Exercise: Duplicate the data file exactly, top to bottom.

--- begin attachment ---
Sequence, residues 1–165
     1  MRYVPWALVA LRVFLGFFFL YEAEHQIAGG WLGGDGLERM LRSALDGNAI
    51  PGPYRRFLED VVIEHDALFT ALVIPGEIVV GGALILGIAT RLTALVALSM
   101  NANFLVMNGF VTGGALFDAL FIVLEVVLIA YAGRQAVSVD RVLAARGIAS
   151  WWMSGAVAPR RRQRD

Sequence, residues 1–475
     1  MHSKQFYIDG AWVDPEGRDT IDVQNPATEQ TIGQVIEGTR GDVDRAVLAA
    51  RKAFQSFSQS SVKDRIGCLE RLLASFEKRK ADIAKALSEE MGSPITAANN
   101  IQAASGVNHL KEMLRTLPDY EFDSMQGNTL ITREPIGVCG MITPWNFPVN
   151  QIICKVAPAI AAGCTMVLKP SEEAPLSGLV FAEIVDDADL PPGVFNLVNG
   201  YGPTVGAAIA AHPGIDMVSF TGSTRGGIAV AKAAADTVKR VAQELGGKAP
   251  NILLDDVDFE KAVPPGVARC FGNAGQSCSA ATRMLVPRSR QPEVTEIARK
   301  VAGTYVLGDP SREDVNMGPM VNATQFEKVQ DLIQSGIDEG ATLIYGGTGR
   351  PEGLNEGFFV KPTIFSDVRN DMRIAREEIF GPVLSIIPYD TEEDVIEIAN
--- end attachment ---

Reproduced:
Sequence, residues 1–165
     1  MRYVPWALVA LRVFLGFFFL YEAEHQIAGG WLGGDGLERM LRSALDGNAI
    51  PGPYRRFLED VVIEHDALFT ALVIPGEIVV GGALILGIAT RLTALVALSM
   101  NANFLVMNGF VTGGALFDAL FIVLEVVLIA YAGRQAVSVD RVLAARGIAS
   151  WWMSGAVAPR RRQRD

Sequence, residues 1–475
     1  MHSKQFYIDG AWVDPEGRDT IDVQNPATEQ TIGQVIEGTR GDVDRAVLAA
    51  RKAFQSFSQS SVKDRIGCLE RLLASFEKRK ADIAKALSEE MGSPITAANN
   101  IQAASGVNHL KEMLRTLPDY EFDSMQGNTL ITREPIGVCG MITPWNFPVN
   151  QIICKVAPAI AAGCTMVLKP SEEAPLSGLV FAEIVDDADL PPGVFNLVNG
   201  YGPTVGAAIA AHPGIDMVSF TGSTRGGIAV AKAAADTVKR VAQELGGKAP
   251  NILLDDVDFE KAVPPGVARC FGNAGQSCSA ATRMLVPRSR QPEVTEIARK
   301  VAGTYVLGDP SREDVNMGPM VNATQFEKVQ DLIQSGIDEG ATLIYGGTGR
   351  PEGLNEGFFV KPTIFSDVRN DMRIAREEIF GPVLSIIPYD TEEDVIEIAN